22. public static void ExtendFrameIntoClientArea(Window window, Thickness thickness, bool exceptionOnFail)
  23. {
  24. var compEnabled = IsCompositionEnabled();
  25. if (exceptionOnFail && !compEnabled)
  26. throw new DWMNotEnabledException();
  28. if (exceptionOnFail && !window.IsInitialized)
  29. throw new WindowNotLoadedException();
  31. if (!compEnabled) return;
  33. var margins = thickness.ToDWMMargins();
  34. var windowPointer = new WindowInteropHelper(window).Handle;
  36. //convert the background to nondrawing
  37. var mainWindowHwnd = HwndSource.FromHwnd(windowPointer);
  38. if (mainWindowHwnd != null)
  39. mainWindowHwnd.CompositionTarget.BackgroundColor = Color.FromArgb(0, 0, 0, 0);
  41. try
  42. {
  43. DwmExtendFrameIntoClientArea(windowPointer, ref margins);
  44. }
  45. catch (DllNotFoundException)
  46. {
  47. window.Background = Brushes.White;
  48. }
  49. }
  51. public static bool IsCompositionEnabled()
  52. {
  53. try
  54. {
  55. return DwmIsCompositionEnabled();
  56. }
  57. catch (DllNotFoundException)
  58. {
  59. return false;
  60. }
  61. }
  63. #region WPF to Native
  65. private static DWMMargins ToDWMMargins(this Thickness t)
  66. {
  67. var rtrn = new DWMMargins();
  69. rtrn.Top = (int)t.Top;
  70. rtrn.Bottom = (int)t.Bottom;
  71. rtrn.Left = (int)t.Left;
  72. rtrn.Right = (int)t.Right;
  74. return rtrn;
  75. }
  77. #endregion
  79. #region Native Interop
  81. [StructLayout(LayoutKind.Sequential)]
  82. private struct DWMMargins
  83. {
  84. public int Left;
  85. public int Right;
  86. public int Top;
  87. public int Bottom;
  88. }
  90. /// <summary>
  91. /// Extends an hwind's frame into the client area by the specified margins.
  92. /// </summary>
  93. /// <param name="hwnd">Integer pointer to the window to change the glass area on.</param>
  94. /// <param name="margins">Margins, what to set each side to</param>
  95. [DllImport("dwmapi.dll", PreserveSig = false)]
  96. private static extern void DwmExtendFrameIntoClientArea(IntPtr hwnd, ref DWMMargins margins);
  98. /// <summary>
  99. /// Checks to see if the Desktop window manager is enabled.
  100. /// </summary>
  101. [DllImport("dwmapi.dll", PreserveSig = false)]
  102. private static extern bool DwmIsCompositionEnabled();
  104. #endregion
  105. }
  106. }

Alright, lets begin breaking this down.

  2. [StructLayout(LayoutKind.Sequential)]
  3. private struct DWMMargins
  4. {
  5. public int Left;
  6. public int Right;
  7. public int Top;
  8. public int Bottom;
  9. }
  11. [DllImport("dwmapi.dll", PreserveSig = false)]
  12. private static extern void DwmExtendFrameIntoClientArea(IntPtr hwnd, ref DWMMargins margins);
  14. [DllImport("dwmapi.dll", PreserveSig = false)]
  15. private static extern bool DwmIsCompositionEnabled();

First, Windows 7 and Vista provide us with the Desktop Window Manager which was first included in Vista and continues on into Windows 7, it manages all the cool graphical windowing and effects you see in those operating systems. It also gives us an API dll to access these all the features, including many that are unavailable in WPF.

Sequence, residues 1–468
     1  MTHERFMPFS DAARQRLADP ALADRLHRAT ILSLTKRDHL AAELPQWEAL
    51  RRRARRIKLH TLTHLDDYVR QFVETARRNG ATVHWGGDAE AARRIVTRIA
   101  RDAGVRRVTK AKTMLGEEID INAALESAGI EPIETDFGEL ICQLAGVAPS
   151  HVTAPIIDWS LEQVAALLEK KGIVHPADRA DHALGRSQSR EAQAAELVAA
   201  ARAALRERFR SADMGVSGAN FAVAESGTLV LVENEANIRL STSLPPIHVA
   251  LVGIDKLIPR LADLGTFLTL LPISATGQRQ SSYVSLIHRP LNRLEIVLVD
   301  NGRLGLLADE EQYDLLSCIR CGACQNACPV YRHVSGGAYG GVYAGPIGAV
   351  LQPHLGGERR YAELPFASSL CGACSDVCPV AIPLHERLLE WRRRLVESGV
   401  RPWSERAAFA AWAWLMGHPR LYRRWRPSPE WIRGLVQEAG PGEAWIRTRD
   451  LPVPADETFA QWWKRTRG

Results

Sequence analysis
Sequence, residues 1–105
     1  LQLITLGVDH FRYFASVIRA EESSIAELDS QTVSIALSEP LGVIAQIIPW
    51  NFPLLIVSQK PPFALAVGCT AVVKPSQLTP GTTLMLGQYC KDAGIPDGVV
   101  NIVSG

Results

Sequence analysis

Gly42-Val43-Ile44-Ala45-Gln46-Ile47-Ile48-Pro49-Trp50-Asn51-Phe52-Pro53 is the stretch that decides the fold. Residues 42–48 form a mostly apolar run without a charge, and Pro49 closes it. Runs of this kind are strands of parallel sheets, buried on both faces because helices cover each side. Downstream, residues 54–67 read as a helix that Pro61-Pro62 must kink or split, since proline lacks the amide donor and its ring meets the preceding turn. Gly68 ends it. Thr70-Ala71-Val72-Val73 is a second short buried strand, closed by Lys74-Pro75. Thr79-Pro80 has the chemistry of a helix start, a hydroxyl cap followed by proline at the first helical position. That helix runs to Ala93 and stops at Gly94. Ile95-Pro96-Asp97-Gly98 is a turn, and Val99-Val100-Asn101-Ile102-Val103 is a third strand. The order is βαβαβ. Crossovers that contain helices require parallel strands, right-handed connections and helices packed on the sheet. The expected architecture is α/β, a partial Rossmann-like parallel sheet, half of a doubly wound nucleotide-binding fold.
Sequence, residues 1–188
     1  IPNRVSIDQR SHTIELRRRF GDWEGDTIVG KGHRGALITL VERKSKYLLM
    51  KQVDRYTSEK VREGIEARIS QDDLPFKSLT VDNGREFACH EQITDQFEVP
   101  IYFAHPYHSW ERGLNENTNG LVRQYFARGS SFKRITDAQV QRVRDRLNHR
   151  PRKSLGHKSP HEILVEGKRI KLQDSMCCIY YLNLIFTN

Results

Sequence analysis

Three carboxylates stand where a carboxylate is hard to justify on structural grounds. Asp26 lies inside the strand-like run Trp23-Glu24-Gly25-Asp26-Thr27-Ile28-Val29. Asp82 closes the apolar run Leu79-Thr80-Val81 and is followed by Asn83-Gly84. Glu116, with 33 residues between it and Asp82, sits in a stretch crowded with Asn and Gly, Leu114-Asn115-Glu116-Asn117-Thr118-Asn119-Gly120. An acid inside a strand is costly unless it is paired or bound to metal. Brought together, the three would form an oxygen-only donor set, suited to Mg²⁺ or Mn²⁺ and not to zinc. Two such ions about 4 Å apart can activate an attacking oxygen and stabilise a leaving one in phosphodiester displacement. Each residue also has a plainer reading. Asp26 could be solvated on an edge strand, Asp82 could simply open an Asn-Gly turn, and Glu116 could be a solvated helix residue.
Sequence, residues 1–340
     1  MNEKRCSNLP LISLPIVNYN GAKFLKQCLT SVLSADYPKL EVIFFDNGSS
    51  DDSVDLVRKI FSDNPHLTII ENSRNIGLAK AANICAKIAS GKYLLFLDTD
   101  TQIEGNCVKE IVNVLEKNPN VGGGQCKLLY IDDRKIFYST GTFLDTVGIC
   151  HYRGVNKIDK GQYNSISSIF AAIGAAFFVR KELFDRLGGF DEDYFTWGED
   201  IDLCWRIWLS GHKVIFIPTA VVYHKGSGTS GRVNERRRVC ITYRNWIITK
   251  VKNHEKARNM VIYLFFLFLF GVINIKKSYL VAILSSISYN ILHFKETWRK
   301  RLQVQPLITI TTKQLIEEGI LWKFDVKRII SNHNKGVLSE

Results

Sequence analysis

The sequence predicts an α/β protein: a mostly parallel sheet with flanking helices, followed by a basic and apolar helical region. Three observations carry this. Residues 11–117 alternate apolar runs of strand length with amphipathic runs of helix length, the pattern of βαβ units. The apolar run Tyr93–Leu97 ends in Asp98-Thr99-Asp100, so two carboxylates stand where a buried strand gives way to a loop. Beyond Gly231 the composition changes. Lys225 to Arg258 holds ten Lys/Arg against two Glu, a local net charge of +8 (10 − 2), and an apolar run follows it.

The first declaration you see sets up the data type that the DLL uses internally to represent Left, Right, Top, and Bottom glass margins. The others are pointers to unmanaged (non .NET) methods in the DLL. DwmExtendFrameIntoClientArea is the method that allows me to adjust how far in the glass extends in to the client drawable area, and DwmIsCompositionEnabled tells me if Aero Glass is enabled.

  2. private static DWMMargins ToDWMMargins(this Thickness t)
  3. {
  4. var rtrn = new DWMMargins();
  6. rtrn.Top = (int)t.Top;
  7. rtrn.Bottom = (int)t.Bottom;
  8. rtrn.Left = (int)t.Left;
  9. rtrn.Right = (int)t.Right;
  11. return rtrn;
  12. }

A simple extension method (denoted by the ‘this’ in front of the Thickness t, it allows me to write the declaration as though the method were part of the Thickness class, so if I have a thickness variable thick I could convert it to a DWMMargins type by writing var margins = thick.ToDWMMargins();) it converts a WPF Thickness object to the internal DWMMargins struct.

  2. public static void ExtendFrameIntoClientArea(this Window window, Thickness thickness)
  3. {
  4. ExtendFrameIntoClientArea(window, thickness, false);
  5. }
  7. public static void ExtendFrameIntoClientArea(this Window window, Thickness thickness, bool exceptionOnFail)
  8. {
  9. var compEnabled = IsCompositionEnabled();
  10. if (exceptionOnFail && !compEnabled)
  11. throw new DWMNotEnabledException();
  13. if (exceptionOnFail && !window.IsInitialized)
  14. throw new WindowNotLoadedException();
  16. if (!compEnabled) return;
  18. var margins = thickness.ToDWMMargins();
  19. var windowPointer = new WindowInteropHelper(window).Handle;
  21. //convert the background to nondrawing
  22. var mainWindowHwnd = HwndSource.FromHwnd(windowPointer);
  23. if (mainWindowHwnd != null)
  24. mainWindowHwnd.CompositionTarget.BackgroundColor = Color.FromArgb(0, 0, 0, 0);
  26. try
  27. {
  28. DwmExtendFrameIntoClientArea(windowPointer, ref margins);
  29. }
  30. catch (DllNotFoundException)
  31. {
  32. window.Background = Brushes.White;
  33. }
  34. }
  36. public static bool IsCompositionEnabled()
  37. {
  38. try
  39. {
  40. return DwmIsCompositionEnabled();
  41. }
  42. catch (DllNotFoundException)
  43. {
  44. return false;
  45. }
  46. }

Finally I wrapped native methods with .NET versions that take a more useful WPF Window class and WPF Thickness class for the ExtendFrameIntoClientArea method. Internally it checks to make sure the window is initialized and that Desktop Composition is enabled, gets the integer pointer to the window, resets the background, and then calls the native method to extend the glass into the drawable (client) area of the window. Two custom classes not shown are the DWMNotEnabledException class and the WindowNotLoadedException class, which are thrown if something goes wrong.